By Pavel Polityuk
KYIV (Reuters) – A Ukrainian court ordered the prominent pro-Russian politician Viktor Medvedchuk to be put under house arrest on Thursday while he faces allegations of treason in a case that could ratchet up tensions with Russia.
Medvedchuk, who promotes closer ties with Moscow and says President Vladimir Putin is godfather to his daughter, is widely seen as Russia’s most prominent political ally in Kyiv.
He was notified this week that he is suspected of treason and attempting to plunder national wealth in Crimea, a part of Ukraine which Russia annexed in 2014. He says the charges are trumped up to silence his criticism of government policy.
After an eight-hour court hearing in Kyiv, Medvedchuk was ordered to remain under house arrest until July 9, wear an electronic bracelet and surrender his passport.
He hugged associates after the judge’s ruling and told reporters: We “will continue to fight so that illegal charges are not brought against me.”
Outside, a crowd of nationalist protesters had shouted “Medvedchuk is an agent of the Kremlin” and lit flares during the hearing.
If found guilty, Medvedchuk could face up to 15 years in prison.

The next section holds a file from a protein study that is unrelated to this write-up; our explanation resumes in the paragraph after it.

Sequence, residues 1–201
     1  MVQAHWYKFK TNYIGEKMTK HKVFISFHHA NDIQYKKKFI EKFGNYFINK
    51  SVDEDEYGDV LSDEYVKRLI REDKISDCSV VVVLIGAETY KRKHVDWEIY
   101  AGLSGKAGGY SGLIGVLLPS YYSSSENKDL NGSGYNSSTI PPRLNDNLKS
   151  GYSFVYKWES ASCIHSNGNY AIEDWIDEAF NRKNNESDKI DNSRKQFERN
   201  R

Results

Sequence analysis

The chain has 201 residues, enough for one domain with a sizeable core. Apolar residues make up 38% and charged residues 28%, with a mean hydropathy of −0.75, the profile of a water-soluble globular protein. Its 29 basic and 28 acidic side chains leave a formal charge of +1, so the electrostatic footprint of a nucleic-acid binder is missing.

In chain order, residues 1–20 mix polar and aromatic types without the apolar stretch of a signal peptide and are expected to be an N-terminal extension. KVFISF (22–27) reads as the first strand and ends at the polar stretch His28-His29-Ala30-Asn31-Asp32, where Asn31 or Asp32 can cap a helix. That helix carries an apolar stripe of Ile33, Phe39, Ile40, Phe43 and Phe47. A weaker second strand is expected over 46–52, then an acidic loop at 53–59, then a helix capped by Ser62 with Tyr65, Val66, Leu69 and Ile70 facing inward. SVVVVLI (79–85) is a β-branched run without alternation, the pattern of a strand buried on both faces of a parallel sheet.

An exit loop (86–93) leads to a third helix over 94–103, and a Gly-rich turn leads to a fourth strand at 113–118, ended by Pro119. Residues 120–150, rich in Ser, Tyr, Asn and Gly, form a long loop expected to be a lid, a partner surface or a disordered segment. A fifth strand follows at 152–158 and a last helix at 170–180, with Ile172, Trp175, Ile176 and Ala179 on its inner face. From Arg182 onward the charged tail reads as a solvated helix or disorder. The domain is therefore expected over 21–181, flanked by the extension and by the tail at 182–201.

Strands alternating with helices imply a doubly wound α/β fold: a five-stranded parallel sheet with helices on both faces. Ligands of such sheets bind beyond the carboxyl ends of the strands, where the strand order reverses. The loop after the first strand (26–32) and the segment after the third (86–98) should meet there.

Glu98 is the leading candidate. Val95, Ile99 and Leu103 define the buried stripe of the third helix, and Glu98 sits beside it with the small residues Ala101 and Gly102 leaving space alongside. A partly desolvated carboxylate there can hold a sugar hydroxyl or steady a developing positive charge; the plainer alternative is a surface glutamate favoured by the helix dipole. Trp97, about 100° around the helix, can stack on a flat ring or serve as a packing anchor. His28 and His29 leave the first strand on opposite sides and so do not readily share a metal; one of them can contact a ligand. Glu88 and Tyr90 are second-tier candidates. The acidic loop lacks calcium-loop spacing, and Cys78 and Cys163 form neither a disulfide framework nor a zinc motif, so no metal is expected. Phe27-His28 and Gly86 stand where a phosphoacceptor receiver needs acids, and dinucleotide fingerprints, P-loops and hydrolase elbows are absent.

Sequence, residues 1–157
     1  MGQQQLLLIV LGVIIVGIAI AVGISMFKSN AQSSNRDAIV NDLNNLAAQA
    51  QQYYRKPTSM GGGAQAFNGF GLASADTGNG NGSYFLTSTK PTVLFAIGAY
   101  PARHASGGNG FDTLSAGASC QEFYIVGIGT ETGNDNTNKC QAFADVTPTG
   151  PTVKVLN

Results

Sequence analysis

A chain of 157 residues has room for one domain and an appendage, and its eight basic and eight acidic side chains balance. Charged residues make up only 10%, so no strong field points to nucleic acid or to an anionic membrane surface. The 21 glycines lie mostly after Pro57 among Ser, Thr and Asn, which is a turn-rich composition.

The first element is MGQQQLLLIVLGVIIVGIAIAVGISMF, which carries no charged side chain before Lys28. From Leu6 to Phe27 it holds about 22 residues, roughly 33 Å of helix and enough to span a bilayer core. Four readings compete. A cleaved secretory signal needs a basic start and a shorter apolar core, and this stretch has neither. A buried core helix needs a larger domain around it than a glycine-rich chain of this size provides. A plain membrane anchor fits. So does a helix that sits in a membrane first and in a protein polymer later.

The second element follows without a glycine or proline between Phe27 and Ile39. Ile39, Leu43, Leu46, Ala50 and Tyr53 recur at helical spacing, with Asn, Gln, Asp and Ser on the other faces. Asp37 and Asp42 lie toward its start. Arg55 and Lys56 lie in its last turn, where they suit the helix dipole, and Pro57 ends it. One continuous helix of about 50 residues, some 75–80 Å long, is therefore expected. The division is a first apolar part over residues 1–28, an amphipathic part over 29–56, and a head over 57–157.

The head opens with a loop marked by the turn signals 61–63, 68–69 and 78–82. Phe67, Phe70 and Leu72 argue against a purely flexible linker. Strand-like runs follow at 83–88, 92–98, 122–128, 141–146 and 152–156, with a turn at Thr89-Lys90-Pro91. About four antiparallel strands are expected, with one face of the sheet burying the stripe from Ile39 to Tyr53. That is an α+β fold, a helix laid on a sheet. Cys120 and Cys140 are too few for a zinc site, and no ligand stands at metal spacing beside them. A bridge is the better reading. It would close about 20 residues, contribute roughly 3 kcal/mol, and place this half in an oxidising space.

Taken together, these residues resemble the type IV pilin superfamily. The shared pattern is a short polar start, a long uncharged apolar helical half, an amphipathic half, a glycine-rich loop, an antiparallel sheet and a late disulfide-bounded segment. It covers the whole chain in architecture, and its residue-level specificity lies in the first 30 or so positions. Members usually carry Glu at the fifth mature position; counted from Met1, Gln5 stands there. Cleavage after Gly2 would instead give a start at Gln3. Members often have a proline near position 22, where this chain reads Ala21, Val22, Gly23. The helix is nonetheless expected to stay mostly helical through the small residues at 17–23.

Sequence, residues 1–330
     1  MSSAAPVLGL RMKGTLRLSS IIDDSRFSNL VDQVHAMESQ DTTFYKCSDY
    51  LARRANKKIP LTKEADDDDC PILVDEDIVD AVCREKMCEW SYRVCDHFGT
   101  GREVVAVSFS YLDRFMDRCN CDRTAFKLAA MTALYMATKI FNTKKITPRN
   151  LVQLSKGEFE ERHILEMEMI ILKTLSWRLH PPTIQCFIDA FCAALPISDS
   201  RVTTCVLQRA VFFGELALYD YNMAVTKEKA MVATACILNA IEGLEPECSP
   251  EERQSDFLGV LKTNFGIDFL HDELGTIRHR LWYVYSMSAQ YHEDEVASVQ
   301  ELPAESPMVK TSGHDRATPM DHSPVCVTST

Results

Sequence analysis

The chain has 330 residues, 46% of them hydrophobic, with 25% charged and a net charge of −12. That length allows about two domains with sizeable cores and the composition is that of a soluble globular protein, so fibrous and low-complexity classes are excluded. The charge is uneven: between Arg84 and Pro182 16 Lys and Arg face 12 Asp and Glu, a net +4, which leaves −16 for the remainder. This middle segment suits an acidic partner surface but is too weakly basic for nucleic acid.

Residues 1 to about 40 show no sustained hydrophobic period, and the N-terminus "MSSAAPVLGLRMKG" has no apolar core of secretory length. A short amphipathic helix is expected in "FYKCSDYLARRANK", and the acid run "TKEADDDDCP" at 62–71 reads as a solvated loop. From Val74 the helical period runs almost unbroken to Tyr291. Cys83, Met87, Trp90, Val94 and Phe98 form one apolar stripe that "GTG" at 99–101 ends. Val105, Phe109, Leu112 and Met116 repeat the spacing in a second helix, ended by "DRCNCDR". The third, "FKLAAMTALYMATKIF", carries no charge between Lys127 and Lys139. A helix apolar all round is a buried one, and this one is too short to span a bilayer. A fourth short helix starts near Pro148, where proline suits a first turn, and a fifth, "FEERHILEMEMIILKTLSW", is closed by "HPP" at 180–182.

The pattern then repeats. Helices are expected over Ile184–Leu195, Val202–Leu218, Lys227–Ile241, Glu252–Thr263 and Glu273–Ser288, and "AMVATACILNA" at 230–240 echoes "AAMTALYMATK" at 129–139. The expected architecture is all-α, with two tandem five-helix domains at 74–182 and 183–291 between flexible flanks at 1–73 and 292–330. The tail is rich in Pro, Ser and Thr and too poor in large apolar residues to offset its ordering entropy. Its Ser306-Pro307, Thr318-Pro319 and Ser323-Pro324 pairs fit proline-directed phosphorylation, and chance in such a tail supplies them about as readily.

Medvedchuk, who says he has known Putin for decades, continued to hold meetings with the Russian leader after 2014, when Moscow annexed Crimea and supported separatist forces in a conflict in eastern Ukraine that Kyiv says has killed 14,000.
The Kremlin has said in the past that Putin has great respect for Medvedchuk and values his role as an intermediary with Kyiv. Kremlin spokesman Dmitry Peskov said on Wednesday Moscow would not interfere in Medvedchuk’s case, but that it is “watching this in the most careful way and would like to make sure that there are no political motives behind this case”.
Relations between Moscow and Kyiv have been increasingly tense in recent months, with Russia having massed additional troops near the border and the two countries trading blame for a collapse in the ceasefire in eastern Ukraine.
The treason case is part of a crackdown against Medvedchuk that began in February when he and several associates were put under sanctions by Ukraine’s president and three television channels owned by an ally were forced off air. The Kremlin had described the sanctions as alarming.
($1 = 27.6394 hryvnias)
(Reporting by Pavel Polityuk and Ilya Zhegulev; Writing by Matthias Williams; Editing by Peter Graff and David Gregorio)